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      How To Move an Nginx Web Root to a New Location on Ubuntu 20.04


      On Ubuntu, the Nginx web server stores its documents in /var/www/html, which is typically located on the root filesystem with the rest of the operating system. Sometimes, though, it’s helpful to move the document root to another location, such as a separate mounted filesystem. For example, if you serve multiple websites from the same Nginx instance, putting each site’s document root on its own volume allows you to scale in response to the needs of a specific site or client.

      In this guide, you will move an Nginx document root to a new location.


      To complete this guide, you will need:

      We will use the domain name your_domain in this tutorial, but you should substitute this with your own domain name.

      • A new location for your document root. In this tutorial, we will use the /mnt/volume-nyc3-01 directory for our new location. If you are using Block Storage on DigitalOcean, this guide will show you how to create and attach your volume. Your new document root location is configurable based on your needs, however. If you are moving your document root to a different storage device, you will want to select a location under the device’s mount point.

      Step 1 — Copying Files to the New Location

      On a fresh installation of Nginx, the document root is located at /var/www/html. By following the prerequisite guides, however, you created a new document root, /var/www/your_domain/html. You may have additional document roots as well. In this step, we will establish the location of our document roots and copy the relevant files to their new location.

      You can search for the location of your document roots using grep. Let’s search in the /etc/nginx/sites-enabled directory to limit our focus to active sites. The -R flag ensures that grep will print both the line with the root directive and the full filename in its output:

      • grep -R "root" /etc/nginx/sites-enabled

      If you followed the prerequisite tutorials on a fresh server, the result will look like this:


      /etc/nginx/sites-enabled/your_domain: root /var/www/your_domain/html; /etc/nginx/sites-enabled/default: root /var/www/html; /etc/nginx/sites-enabled/default: # deny access to .htaccess files, if Apache's document root /etc/nginx/sites-enabled/default:# root /var/www/your_domain;

      If you have pre-existing setups, your results may differ from what’s shown here. In either case, you can use the feedback from grep to make sure you’re moving the desired files and updating the appropriate configuration files.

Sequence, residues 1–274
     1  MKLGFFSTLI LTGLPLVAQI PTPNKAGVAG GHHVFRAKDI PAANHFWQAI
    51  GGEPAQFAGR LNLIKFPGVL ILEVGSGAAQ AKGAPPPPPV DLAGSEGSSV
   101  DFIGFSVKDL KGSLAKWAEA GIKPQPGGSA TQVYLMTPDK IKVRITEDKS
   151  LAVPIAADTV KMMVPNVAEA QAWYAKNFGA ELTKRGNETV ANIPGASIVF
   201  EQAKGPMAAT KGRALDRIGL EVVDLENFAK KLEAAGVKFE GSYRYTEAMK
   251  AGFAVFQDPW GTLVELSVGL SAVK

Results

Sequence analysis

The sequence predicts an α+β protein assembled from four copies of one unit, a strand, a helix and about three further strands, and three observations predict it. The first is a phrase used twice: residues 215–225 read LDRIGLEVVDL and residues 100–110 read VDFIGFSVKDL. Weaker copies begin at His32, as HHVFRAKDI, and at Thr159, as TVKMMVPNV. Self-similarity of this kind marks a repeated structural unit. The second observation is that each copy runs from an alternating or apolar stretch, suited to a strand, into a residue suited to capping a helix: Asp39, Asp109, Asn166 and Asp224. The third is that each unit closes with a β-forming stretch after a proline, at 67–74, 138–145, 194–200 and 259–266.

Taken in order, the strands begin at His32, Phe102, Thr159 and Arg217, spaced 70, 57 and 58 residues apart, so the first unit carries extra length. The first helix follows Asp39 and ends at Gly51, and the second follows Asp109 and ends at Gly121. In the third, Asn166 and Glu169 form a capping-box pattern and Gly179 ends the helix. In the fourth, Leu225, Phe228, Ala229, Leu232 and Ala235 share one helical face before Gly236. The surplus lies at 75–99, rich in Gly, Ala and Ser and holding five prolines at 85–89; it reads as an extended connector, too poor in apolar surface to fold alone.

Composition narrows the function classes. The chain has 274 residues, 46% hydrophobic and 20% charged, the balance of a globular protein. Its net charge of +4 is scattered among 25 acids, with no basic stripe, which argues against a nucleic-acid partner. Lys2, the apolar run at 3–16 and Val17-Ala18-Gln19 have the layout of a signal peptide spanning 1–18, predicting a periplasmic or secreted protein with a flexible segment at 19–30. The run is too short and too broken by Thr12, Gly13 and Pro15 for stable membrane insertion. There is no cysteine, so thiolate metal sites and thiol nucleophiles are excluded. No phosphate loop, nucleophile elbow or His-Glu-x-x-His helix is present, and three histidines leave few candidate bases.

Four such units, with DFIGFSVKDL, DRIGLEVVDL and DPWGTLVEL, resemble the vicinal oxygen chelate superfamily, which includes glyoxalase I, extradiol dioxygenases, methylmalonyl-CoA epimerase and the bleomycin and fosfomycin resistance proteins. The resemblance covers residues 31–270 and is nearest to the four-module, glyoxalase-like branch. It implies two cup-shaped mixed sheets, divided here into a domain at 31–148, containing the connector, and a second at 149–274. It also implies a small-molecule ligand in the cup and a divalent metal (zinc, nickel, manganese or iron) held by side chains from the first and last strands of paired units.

Now that you’ve confirmed the location of your document root, you can copy the files to their new location with rsync. Using the -a flag preserves the permissions and other directory properties, while -v provides verbose output so you can follow the progress of the sync:

      Note: Be sure there is no trailing slash on the directory, which may be added if you use tab completion. When there’s a trailing slash, rsync will dump the contents of the directory into the mount point instead of transferring it into a containing html directory.

      • sudo rsync -av /var/www/your_domain/html /mnt/volume-nyc3-01

      You will see output like the following:


      sending incremental file list created directory /mnt/volume-nyc3-01 html/ html/index.html sent 318 bytes received 39 bytes 714.00 bytes/sec total size is 176 speedup is 0.49

      With our files in place, let’s move on to modifying our Nginx configuration to reflect these changes.

      Step 2 — Updating the Configuration Files

      Nginx makes use of both global and site-specific configuration files. For background about the hierarchy of configuration files, take a look at “How To Configure The Nginx Web Server On a Virtual Private Server”. We will modify the server block file for our your_domain project: /etc/nginx/sites-enabled/your_domain.

      Note: Remember to replace your_domain with your domain name, and remember that you will be modifying the server block files that were output when you ran the grep command in Step 1.

      Start by opening /etc/nginx/sites-enabled/your_domain in an editor:

      • sudo nano /etc/nginx/sites-enabled/your_domain